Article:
Travel Weekly's Cruise E-Letter: November 12, 2002

CRUISE EXECUTIVES pointed to post-Sept. 11 redeployments -- and a quicker-than-anticipated rebound in cruise travel -- as an indication that the cruise industry could weather an Iraq attack. "Ships move," noted Seabourn senior vp-sales and marketing Richard Meadows. "You can redeploy your business mix. And, you can adjust your pricing or add value to the product." Added Dean Brown, Princess Cruises senior vp-sales and marketing, "When you're a cruise line, you're in a constant state of monitoring anyway. We're watching ... consumer demand, the appeal of the destination, and the safety and security. And because we've [redeployed] before, there's a procedure."

ONBOARD ILLNESS: Holland America's Amsterdam was undergoing a deep cleaning and sanitizing process after 163 passengers and 18 crewmembers came down with a "Norwalk-like" virus following a 10-day cruise in the southern Caribbean. The ship returned to Fort Lauderdale Monday. A Holland America spokeswoman said the cleaning process is being done in accordance with Centers for Disease Control and Prevention regulations. There were 1,905 people on the ship.

FRED OLSEN Cruise Lines scrapped plans to return to the U.S. next year, citing high costs and time-consuming red tape at the U.S. ports it recently visited. The line, which caters mostly to Europeans, canceled four U.S. cruises in 2003 on its ship the Braemar, including two New York turnarounds. The line will continue to market its cruises to U.S. passengers and keep its membership in Cruise Lines Int'l Assn.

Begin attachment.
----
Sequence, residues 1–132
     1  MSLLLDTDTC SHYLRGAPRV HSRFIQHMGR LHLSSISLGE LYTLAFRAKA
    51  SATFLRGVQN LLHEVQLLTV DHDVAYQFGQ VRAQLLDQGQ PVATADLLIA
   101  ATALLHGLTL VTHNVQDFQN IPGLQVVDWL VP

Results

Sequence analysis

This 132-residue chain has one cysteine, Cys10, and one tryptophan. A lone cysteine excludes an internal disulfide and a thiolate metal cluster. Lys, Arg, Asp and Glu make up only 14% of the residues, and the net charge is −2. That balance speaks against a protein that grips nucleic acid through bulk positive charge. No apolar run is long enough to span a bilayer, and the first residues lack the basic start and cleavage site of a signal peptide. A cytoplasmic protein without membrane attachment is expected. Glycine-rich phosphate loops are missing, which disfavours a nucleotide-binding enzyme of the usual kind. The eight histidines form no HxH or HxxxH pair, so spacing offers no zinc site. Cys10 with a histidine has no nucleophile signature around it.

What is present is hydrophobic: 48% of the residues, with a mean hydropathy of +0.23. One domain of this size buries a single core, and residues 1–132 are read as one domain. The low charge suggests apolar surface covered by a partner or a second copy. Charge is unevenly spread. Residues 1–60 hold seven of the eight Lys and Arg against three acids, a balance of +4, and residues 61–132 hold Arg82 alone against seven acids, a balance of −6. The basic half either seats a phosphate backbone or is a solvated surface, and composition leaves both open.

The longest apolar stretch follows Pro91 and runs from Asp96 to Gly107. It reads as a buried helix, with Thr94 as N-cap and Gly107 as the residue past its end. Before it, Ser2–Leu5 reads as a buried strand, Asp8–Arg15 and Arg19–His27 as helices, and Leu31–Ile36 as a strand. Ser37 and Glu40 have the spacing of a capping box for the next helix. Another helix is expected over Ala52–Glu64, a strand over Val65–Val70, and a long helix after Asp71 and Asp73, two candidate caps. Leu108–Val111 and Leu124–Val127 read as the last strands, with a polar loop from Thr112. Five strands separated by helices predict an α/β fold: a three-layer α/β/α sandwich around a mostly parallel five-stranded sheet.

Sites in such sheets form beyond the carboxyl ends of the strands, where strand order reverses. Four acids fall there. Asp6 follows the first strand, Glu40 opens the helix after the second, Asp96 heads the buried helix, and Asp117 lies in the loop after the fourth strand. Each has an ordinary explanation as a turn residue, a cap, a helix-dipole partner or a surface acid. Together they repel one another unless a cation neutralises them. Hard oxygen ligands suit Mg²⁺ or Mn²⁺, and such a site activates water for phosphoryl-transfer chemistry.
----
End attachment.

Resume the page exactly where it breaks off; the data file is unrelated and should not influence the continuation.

RESIDENSEA'S condo-at-sea the World became the latest ship to revise its itineraries in southeast Asia to avoid calls in Indonesia. The World will sail to Singapore from Australia on March 29 and then cruise an eight-day roundtrip itinerary from Singapore to Thailand and Malaysia.

SEADREAM YACHT CLUB inaugurated its winter sailings from the port of Palm Beach Saturday with the 110-passenger SeaDream I. The vessel will sail seven-day cruises to the Bahamas through Jan. 11, when it repositions to St. Thomas and joins sister ship SeaDream II.

THE FEDERAL MARITIME COMMISSION proposed eliminating the current $15 million maximum on cruise line performance coverage. Ships departing from U.S. ports currently are required to post a bond or other surety to protect passenger deposits in the event of a cruise cancellation or bankruptcy. In its public comments, the FMC noted the current ceiling was insufficient to cover passenger compensation in several recent bankruptcies. In August, the FMC eliminated self-insurance as a coverage option. The FMC is accepting comments until Jan. 8.

EUROPE RIVER CRUISE operator Uniworld is offering guests a new form of transportation to or from their Europe cruise: transatlantic crossings on Cunard Line's Queen Elizabeth 2. The QE2 trips can be taken as either pre- or post-cruise options on 35 Uniworld Europe sailings in 2003; guests have the option of spending up to five nights between cruises in a hotel. Overall pricing for the combined sailings begin at less than $3,500 per person for 13 nights, Uniworld said.

DESPITE LOSING merger partner P&O Princess, there's still "a lot to like" about Royal Caribbean Cruises, UBS Warburg analyst Robin Farley said. The company will not benefit from margin improvement through a merger, but pricing and capacity increases are moving in the right direction, Farley said. She pointed to RCCL's accelerated delivery schedule for three of its four upcoming ships as a "positive sign."

NORWEGIAN CRUISE LINE is now offering same-day access to full editions of 150 different newspapers, including the Wall Street Journal, the New York Times and USA Today. The newspapers, which will be repackaged in a tabloid size, are available on four NCL ships; the line plans to expand the service fleetwide by the end of the year.

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